Development Assistance for Special Areas
Bangladesh initiated a community empowerment project targeting ethnic minority communities, called Development Assistance for Special Areas, in 1996. This targets small ethnic communities living on the plains land of the country, meaning it excludes the south-eastern hill region. The reason for targeting the plains communities is that these communities are very marginalised. Under the initiative, the beneficiaries receive livelihood support such as cash grants.
Chittagong Hill Tracts Affairs Ministry
Bangladesh established its Chittagong Hill Tracts Affairs Ministry in 1998. This is Bangladesh’s only region-specific ministry, dedicated to the south-eastern hilly region of the country. It was established to oversee the special needs of the indigenous ethnic people who make up the majority population in the region. It is also tasked with implementing the peace deal that ended decades-long armed conflict in the area.
On health protection
Bangladesh formulated its first Health Policy in 2000. A revised policy was crafted in 2011. The policy acknowledges health care as a right and acts as an inter-sectoral document covering health, nutrition and population-related services. Its core pillars are health for all and strengthened emergency response. The policy identifies public health indicators such as life expectancy, infant mortality and immunisation outreach as areas for investment.
Directorate General of Health Services
Bangladesh’s most empowered health sector agency is the Directorate General of Health Services (DGHS). This is housed at the country’s Health Ministry. Implementing wide-ranging health services and programmes is its key responsibility. Additionally, DGHS offers technical assistance to the rest of the ministry.
Community clinics are public health centres that offer primary health care to people at the grassroots. This initiative was launched in 1998. It functions under a public–private partnership model. It is estimated that an average of 40 patients visit each clinic every day, 95% of them women and children. Maternal health care, reproductive health, family planning and diagnosis of non-communicable diseases are the main services in the community clinics.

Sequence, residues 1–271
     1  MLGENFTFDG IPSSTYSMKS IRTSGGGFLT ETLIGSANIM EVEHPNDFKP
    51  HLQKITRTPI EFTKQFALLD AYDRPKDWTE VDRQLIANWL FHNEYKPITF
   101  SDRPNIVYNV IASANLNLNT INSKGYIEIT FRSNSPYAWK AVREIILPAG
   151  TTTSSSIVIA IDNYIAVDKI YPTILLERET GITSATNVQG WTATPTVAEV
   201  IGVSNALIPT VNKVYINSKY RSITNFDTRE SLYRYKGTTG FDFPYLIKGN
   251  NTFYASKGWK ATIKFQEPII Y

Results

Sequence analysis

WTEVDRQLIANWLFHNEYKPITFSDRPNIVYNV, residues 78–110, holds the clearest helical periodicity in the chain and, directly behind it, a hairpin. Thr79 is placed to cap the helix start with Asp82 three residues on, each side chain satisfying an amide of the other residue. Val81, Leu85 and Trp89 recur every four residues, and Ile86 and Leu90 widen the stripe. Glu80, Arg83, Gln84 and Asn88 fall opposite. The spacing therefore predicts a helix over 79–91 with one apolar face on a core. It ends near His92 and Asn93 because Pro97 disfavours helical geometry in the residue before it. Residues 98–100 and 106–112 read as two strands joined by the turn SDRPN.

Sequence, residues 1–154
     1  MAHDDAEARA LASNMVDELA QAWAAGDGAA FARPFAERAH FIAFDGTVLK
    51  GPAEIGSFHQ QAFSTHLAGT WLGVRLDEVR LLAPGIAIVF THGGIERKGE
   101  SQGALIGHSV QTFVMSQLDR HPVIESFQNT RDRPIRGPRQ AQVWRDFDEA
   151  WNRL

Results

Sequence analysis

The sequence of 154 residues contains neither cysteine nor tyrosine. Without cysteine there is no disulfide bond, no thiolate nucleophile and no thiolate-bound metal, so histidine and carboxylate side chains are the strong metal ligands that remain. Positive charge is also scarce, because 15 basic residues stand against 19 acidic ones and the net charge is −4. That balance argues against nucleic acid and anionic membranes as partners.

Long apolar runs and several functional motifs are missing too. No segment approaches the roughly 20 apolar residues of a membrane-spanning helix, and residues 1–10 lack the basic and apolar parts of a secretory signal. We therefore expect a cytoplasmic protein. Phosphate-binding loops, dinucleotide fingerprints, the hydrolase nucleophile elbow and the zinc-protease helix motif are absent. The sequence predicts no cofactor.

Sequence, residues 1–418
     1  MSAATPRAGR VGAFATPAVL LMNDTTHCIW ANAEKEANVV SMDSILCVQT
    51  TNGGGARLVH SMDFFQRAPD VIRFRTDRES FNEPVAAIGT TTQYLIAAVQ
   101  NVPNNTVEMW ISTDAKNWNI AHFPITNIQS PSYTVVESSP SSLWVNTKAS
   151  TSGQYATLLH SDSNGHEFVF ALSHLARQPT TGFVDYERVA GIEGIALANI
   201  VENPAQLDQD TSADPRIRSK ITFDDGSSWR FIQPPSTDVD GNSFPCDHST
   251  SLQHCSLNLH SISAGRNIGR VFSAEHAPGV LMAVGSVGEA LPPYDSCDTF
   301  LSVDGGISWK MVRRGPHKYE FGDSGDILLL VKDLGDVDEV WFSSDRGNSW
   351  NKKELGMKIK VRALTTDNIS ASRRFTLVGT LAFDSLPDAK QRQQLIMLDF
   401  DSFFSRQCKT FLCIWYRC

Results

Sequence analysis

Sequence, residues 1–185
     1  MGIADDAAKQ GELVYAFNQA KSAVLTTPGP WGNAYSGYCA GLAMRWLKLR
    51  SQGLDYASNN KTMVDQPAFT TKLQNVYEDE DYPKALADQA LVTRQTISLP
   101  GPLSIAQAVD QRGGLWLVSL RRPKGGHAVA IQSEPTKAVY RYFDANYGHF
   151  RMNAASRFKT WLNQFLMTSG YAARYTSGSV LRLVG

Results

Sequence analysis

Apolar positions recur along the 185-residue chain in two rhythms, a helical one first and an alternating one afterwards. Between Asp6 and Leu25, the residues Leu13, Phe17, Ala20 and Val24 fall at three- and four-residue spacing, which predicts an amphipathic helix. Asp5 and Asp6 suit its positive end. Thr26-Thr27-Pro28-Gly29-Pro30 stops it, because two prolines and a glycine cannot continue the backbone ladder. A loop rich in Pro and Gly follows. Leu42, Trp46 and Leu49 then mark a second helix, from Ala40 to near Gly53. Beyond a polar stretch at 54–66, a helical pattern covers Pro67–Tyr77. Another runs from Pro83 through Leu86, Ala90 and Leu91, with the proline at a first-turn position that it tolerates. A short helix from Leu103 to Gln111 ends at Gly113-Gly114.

On trade and power
Bangladesh formulated its Energy Policy in 1996. The main objective of this was to provide energy for sustainable economic growth. The policy covered the survey, exploration, distribution, production and transmission of exploration. It was updated in 2004.
Renewable Energy Policy
Bangladesh formulated its Renewable Energy Policy in 2008. This harnesses the potential of renewable energy resources and the dissemination of renewable technologies in both rural and urban areas. It incentivises investment in the renewable energy sector. It is designed to scale up the contribution of renewable energy in electricity production.
On small businesses
Small and Medium Enterprise Policy
Bangladesh formulated its Small Medium Enterprise (SME) Policy in 2019. This identifies SMEs as a core driver of the economy. The 7.8 million mapped SMEs across the country contribute 25% of gross domestic product. The main target is to link them with finance, technology and markets. The strategic objectives include introducing a guarantee fund, providing soft condition loans, assisting start-ups and promoting environmentally friendly SME industries.
Small and Medium Enterprise Foundation
The Small and Medium Enterprise (SME) Foundation is a government-established non-profit for SME development in Bangladesh. It is licensed by Bangladesh’s Ministry of Commerce. It implements SME policy strategies adopted by the government. It also has an advocacy arm. It facilitates financial support for SMEs and provides capacity development training. At the core of its mission is poverty eradication.
Bangladesh established its business competitiveness agency, the Competition Commission, in 2016. Its job is to enable increased investment by reducing unequal competition. Its goal is to ensure consumer interests and best market practice.
Bangladesh enacted its Competition Act in 2012. The law regulates anti-competitive activities, such as oligopoly formation, by businesses.
Photo ©️ Mahmud Hossain Opu & Emdadul Hoque Topu